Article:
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The Kabbala of shelter, clothing and food

The Basic Necessities

The Basic Necessities

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The Basic Necessities
The Kabbala of shelter, clothing and food

The absolute definition of man is dependent on the home. In Kabbala, this is called the secret of the Divine Tzelem, "Image," in which man was created and in which he walks. As in the verse "Surely every man should walk [i.e., conduct himself] in [His] likeness [in Hebrew, "tzelem"] (Psalms 39:7), man is always walking in the aura of the tzelem. The word "tzelem" is constructed of three letters: tzadik, lamed, mem. The Arizal explains that each letter corresponds to a different level of man.

The tzadik refers to the "inner light", the "ohr pnimi", which, in our context, corresponds to the food, that element of reality which a person integrates in order to derive life force. As in the verse "A tzadik eats for the satiation of his soul". (Proverbs 13:25) The physical space that a person constructs for himself is his home…

The lamed is the proximate "aspect of surrounding", representing the "ohr makeef hakarov", which in our context corresponds to clothing, in Hebrew, "l'vush", which begins with the letter lamed.

The mem is the distant "aspect of surrounding", the "makeef harachok". It corresponds to "space", referring to the space in which a man lives. This concept can be developed to include living in Divine Space. The physical space that a person constructs for himself is his home. A person has a physical home, his "Temple," a place to worship G‑d, and to become conscious of and united with Him, as a bride and groom. A person's meditation constructs around him a spiritual space.

To summarize:

Mazon Sustenance ohr pnimi Tzadik
Levush Clothing Makeef hakarov Lamed
Bayit Shelter Makeef harachok Mem

To understand this in greater depth, we must reflect on the fact that even though it appears from our above discussion that the highest level is the home, followed by the clothing and then the food, it can be seen in the inverted order. The two different ways of viewing the three basic components are not contradictory. They complement each other, and ultimately are one and the same.

The food, which gives inner light to the person, is the highest level. This is reflected by the fact that when the Jews were in the desert, they ate manna, which was in the merit of Moses. The food is life-force, which enters the being of man. The inner life force is called "mochin".Throughout Kabbala, the concept "mochin" literally means "brain power". "Brain power" means "life-force". Inner life-force, which derives from the two sefirot of chochma and bina, which are called Abba and Imma, specifically derives from Imma. It is called "mochin d'Imma". One's sustenance corresponds to the first hei of G‑d's name, which is bina, Imma. Relative to the mind and consciousness itself, the emotions are referred to as 'clothing'…

Clothing encompasses man and protects him from the elements. "Clothing" represents middot, character traits. One of the Hebrew words for "clothing" is "madim". The very word for the emotive character traits in man, chesed, gevura, tiferet, netzach hod, yesod, which are the six basic emotions corresponding to the Six Days of Creation, are called the madim, "clothing". Relative to the mind and consciousness itself, the emotions are referred to as "clothing". Very often the soul is referred to as having three layers of clothing: thought, speech and action, which clothe both intelligence and the emotive powers of the heart. According to this, the emotive powers are part of the inner being, or essence, of the soul, whereas the clothing is the way the soul expresses itself, either to itself, as thought, or to the outside world as speech and action. However, since everything is relative in the Torah, the middot are called "clothing" relative to the intelligence. This is because the word middot also means "clothing" or "uniform." The emotions of the heart are the "uniform" of the intelligence. In Kabbala, the home is always referred to as malchut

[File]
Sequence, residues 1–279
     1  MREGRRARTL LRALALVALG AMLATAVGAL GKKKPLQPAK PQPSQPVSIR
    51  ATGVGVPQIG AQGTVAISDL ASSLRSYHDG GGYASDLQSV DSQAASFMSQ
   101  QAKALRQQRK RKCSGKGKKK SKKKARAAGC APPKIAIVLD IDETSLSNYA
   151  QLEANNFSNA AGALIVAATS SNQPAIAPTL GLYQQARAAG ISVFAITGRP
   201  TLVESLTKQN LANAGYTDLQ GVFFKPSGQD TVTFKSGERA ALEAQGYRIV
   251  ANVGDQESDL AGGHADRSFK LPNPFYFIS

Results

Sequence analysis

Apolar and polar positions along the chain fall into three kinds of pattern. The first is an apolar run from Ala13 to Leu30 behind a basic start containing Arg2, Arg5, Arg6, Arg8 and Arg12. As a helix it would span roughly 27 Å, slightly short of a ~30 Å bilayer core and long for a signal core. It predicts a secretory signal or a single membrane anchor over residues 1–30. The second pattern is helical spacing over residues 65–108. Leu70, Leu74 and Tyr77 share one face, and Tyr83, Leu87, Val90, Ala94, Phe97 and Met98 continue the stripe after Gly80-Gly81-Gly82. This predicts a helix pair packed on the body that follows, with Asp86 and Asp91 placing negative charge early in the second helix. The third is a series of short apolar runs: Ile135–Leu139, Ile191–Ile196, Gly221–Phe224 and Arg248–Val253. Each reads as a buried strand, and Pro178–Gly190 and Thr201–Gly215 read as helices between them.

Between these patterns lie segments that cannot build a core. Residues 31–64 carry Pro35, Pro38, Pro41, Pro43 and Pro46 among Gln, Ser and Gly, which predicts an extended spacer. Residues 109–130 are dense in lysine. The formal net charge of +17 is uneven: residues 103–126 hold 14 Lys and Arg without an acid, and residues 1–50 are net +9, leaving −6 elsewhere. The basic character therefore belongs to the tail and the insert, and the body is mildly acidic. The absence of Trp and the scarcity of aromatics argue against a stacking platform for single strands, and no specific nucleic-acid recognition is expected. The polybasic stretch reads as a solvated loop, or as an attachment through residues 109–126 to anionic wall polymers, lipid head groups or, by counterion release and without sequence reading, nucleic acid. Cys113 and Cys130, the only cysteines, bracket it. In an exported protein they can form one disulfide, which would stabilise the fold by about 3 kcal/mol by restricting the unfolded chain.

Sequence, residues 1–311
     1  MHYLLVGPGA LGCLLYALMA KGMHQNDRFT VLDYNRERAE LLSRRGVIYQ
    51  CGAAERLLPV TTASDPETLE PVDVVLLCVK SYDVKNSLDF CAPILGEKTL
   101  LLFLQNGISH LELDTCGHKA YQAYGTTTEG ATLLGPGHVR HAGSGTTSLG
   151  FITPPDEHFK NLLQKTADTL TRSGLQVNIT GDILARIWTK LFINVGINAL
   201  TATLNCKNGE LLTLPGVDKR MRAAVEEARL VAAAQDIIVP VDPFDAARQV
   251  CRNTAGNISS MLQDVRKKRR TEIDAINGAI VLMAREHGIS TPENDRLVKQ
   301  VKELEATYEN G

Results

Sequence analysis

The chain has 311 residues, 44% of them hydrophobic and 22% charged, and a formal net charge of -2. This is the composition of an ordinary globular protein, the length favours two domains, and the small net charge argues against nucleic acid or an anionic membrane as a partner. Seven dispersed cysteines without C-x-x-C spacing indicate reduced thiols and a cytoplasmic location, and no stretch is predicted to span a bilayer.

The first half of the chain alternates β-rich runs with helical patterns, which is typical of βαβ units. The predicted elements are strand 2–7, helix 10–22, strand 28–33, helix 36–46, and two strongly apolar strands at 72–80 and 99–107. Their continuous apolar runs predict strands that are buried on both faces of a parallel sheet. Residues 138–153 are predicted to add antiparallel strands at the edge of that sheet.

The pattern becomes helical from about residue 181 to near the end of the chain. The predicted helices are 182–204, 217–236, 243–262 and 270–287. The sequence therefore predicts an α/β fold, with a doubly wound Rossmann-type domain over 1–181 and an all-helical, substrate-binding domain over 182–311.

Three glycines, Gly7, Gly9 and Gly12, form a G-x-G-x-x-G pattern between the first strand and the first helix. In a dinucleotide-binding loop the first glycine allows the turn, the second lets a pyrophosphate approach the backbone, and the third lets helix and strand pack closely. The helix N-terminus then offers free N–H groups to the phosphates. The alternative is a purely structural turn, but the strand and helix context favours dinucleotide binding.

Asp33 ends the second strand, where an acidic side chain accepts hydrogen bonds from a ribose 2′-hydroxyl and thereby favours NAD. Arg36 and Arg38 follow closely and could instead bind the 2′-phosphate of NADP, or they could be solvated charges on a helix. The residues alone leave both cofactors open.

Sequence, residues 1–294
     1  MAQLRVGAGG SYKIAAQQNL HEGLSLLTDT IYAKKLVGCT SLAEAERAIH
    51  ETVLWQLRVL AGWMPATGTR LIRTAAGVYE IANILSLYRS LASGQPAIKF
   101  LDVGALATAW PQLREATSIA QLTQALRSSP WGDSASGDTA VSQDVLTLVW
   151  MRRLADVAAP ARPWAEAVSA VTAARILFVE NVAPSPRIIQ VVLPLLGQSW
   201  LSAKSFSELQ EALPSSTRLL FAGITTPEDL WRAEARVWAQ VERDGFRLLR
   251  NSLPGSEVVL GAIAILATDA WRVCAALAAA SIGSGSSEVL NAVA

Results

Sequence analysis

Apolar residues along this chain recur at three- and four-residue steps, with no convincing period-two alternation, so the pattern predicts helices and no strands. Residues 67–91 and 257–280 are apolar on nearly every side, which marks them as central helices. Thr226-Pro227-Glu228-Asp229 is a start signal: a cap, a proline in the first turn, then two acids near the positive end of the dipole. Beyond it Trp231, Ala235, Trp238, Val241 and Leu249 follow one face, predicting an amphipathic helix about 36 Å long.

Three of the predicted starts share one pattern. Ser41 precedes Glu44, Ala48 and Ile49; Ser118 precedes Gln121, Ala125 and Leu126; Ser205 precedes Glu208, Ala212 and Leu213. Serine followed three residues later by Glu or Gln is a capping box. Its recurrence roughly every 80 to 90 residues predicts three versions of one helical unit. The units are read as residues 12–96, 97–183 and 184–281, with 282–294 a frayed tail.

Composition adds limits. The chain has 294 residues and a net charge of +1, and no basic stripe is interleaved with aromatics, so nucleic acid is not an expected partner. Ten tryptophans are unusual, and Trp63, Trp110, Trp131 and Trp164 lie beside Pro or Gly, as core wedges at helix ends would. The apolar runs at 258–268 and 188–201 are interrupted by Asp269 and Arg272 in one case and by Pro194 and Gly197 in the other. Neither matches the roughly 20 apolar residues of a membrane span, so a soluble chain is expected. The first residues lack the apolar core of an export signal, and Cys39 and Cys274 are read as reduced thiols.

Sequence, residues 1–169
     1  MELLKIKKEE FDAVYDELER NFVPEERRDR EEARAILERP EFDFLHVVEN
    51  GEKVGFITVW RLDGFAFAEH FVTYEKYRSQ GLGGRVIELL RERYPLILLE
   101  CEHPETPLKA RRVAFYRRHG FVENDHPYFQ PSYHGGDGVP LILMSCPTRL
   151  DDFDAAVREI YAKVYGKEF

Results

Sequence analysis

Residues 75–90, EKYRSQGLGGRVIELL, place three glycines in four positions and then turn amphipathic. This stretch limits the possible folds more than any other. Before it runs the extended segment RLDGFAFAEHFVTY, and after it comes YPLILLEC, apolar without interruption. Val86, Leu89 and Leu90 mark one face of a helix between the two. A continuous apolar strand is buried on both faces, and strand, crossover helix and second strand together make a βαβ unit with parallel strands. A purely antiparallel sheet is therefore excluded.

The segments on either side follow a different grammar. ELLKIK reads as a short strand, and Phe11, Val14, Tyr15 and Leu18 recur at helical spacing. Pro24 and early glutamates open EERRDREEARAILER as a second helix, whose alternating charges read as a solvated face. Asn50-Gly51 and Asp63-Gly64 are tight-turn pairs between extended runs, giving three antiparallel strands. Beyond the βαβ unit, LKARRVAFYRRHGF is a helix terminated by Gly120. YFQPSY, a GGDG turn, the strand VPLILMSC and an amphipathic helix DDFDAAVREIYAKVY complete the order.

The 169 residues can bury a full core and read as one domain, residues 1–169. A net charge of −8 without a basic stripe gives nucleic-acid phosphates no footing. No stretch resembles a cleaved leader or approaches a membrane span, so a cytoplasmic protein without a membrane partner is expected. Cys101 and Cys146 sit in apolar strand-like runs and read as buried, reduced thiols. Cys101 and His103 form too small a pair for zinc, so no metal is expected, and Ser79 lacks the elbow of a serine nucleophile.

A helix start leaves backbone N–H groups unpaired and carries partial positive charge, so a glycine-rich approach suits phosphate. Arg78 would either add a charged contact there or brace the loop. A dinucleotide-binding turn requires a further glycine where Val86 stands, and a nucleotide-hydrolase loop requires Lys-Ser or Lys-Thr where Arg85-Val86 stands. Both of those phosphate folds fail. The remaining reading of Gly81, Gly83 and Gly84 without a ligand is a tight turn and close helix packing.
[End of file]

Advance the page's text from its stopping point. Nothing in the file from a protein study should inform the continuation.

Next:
Clothing corresponds to the vav of G‑d's name, which are the middot, i.e. tiferet. Tiferet, "beauty", is the primary of the middot. This relates to the beauty of the clothing. The word "tiferet" is used for the clothing of the High Priest, i.e., "for honor and beauty" - "l'chavod ul'tiferet". The purpose of his clothing is to give him tiferet. This is another explicit reference in the Torah that clothing relates to tiferet, the primary of the middot

The food and minimal protection afforded by clothing enable man to live. However, he is not yet called a "man", as he does not yet possess a home. In Kabbala, the home is always referred to as "malchut".For this reason, his home is also called his wife (Yoma 2a). The woman represents malchut throughout the Torah. The home corresponds to the final hei of G‑d's name.

For a schedule of Rabbi Ginsburgh's upcoming speaking tours in the Diaspora, his lectures and seminars in Israel, an order form for his publications in English and email subscriptions, see the Gal Einai website: click here.

(Parts 3-4 of a series, "the Jewish Home," that appears on the Gal Einai website.)

Rabbi Yitzchak Ginsburgh is founder and director of the Gal Einai Institute and has written more than forty books exploring topics like psychology, education, medicine, politics, mathematics and relationships, through the prism of Kabbalah and numerology.
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